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The fundamental basis for any decision to undertake surveillance under complex aquatic conditions is a clear understanding of the objective of such surveillance. The Expert Consultation (herein referred to as the Consultation) agreed that the primary purpose of aquatic animal disease surveillance is to provide cost-effective information for assessing and managing risks associated with:

This is consistent with international perceptions of what disease surveillance is meant to achieve in both terrestrial (OIE 2003a) and aquatic (OIE 2003b) production systems.

The objectives which define surveillance for aquatic animal diseases are:

The Consultation also agreed that, although many types of surveillance exist, for the purpose of these guidelines and recommendations, only two are appropriate. The definitions for these are modified from Scudamore (2002):

General surveillance is an ongoing investigation or observation of the endemic disease profile of a population, so that unexpected and/or unpredicted changes can be quickly recognized. General surveillance includes all the routine disease investigation activities that may be used in a country which could detect the disease of concern if present. This is also known as passive surveillance or scanning surveillance by Scudamore (2002).

Targeted surveillance collects information about a specific disease or condition so that its presence in a defined population can be measured, or its absence reliably substantiated.

Fundamental principles are provided throughout this document to assist the design of scientifically sound surveillance programmes. However, users of the document must apply these with a clear understanding that there are no “fixed rules” or “recipe book” guidelines. General principles will always have to be adapted to fit the human and ecological factors faced within any given situation in order to establish and maintain effective zones.

The Consultation, organized by the Food and Agriculture Organization of the United Nations (FAO), the Federal Department of Fisheries and Oceans Canada (DFO Canada) and the World Organisation for Animal Health (OIE) to address such questions was held in October 2002 at the FAO Headquarters in Rome, Italy. Twenty-three participants were invited with expertise spanning global aspects of aquatic animal health management. Their input was aimed at providing recommendations for surveillance and zonation that will be useful for designing national programmes to reduce the risks of diseases arising from live transfers of aquatic animals. The recommendations and guidelines are not intended for use as international trade standards (the remit of the WTO and OIE), but extends to a broader application aimed principally at aquatic food security and encompassing protection from high risk trade as well as surveillance to protect against impacts from endemic diseases.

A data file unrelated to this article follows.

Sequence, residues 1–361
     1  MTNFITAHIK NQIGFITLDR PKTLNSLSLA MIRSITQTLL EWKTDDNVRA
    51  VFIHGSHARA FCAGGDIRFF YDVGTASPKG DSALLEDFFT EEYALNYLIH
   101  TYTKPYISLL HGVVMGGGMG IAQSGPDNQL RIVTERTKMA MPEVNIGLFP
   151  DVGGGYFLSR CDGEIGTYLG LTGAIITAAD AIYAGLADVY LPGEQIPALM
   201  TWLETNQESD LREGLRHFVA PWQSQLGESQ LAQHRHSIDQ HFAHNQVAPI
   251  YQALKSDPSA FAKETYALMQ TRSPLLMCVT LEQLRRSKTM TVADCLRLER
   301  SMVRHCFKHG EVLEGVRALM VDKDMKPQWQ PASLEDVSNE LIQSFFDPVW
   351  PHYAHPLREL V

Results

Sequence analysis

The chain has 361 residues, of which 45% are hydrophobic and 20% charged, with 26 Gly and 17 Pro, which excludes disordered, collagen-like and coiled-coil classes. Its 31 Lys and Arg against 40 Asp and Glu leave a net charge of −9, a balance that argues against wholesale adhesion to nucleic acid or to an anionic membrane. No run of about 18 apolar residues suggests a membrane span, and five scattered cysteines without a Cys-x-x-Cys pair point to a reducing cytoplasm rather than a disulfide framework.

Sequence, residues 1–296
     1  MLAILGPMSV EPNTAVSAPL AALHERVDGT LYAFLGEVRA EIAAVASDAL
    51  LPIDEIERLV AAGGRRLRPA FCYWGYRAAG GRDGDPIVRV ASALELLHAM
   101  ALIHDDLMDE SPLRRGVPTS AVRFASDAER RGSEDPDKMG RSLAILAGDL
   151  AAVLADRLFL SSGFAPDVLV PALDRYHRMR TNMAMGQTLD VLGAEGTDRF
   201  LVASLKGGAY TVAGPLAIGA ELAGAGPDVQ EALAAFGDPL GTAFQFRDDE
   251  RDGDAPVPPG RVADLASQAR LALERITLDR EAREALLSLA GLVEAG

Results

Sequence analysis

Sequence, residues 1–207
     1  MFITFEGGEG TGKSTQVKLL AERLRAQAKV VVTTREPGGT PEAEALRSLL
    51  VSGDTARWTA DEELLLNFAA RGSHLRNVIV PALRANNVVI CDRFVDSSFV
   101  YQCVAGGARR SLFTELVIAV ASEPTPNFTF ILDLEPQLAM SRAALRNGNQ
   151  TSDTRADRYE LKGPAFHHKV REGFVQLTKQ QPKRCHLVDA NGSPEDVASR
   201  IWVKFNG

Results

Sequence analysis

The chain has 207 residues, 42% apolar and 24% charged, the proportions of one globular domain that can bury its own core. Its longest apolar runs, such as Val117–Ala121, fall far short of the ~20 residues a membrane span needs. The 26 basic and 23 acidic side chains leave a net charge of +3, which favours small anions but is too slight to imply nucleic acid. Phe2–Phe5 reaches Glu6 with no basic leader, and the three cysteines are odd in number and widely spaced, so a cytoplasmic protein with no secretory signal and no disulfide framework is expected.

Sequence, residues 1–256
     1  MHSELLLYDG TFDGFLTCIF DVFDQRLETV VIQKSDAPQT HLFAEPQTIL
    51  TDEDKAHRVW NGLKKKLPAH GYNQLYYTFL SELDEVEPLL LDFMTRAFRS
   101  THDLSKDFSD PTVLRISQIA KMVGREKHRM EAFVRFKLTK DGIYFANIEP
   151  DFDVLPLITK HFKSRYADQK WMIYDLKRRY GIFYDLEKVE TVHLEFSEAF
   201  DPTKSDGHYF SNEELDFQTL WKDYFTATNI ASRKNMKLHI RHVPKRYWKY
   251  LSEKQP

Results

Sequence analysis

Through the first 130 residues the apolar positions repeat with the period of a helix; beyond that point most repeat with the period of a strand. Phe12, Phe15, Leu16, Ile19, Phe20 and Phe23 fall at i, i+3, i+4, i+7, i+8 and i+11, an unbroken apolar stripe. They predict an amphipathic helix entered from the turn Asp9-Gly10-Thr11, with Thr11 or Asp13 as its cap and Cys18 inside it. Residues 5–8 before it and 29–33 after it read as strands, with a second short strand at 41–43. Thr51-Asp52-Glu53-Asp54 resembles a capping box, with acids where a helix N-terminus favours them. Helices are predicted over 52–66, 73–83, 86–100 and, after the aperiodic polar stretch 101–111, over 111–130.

Five working documents prepared by selected experts provided the basis for discussion and development of recommendations during the Expert Consultation. Four working documents addressed technical issues related to: (a) freshwater finfish; (b) marine and diadromous finfish; (c) crustaceans; and (d) molluscs. Capacity building, information access and technical requirements for developing countries wishing to implement aquatic animal disease surveillance and zonation formed a fifth, non-technical, discussion document.

The development of the guidelines and recommendations outlined in this document were based on a set of seven general Guiding Principles, along with a set of scientific principles, encompassing surveillance to establish and maintain zones as applied to animals in general and specifically for application to finfish, crustaceans and molluscs.

Zonation is the process of delineating infected and uninfected populations within a country or group of countries. “Infected zone” and “uninfected zone” usually applies to specific diseases, except on the rare occasion where a range of different diseases share common epidemiological characteristics or can be detected using common diagnostic (non-disease-specific) techniques. An uninfected zone can be established within a country using the health status of a susceptible host species for a specific disease within a particular geographic or hydrographic area. Zoning is particularly relevant to controlling aquatic animal diseases, since these do not readily respond to disease control measures used for isolation and containment in land-based facilities or for terrestrial animals.

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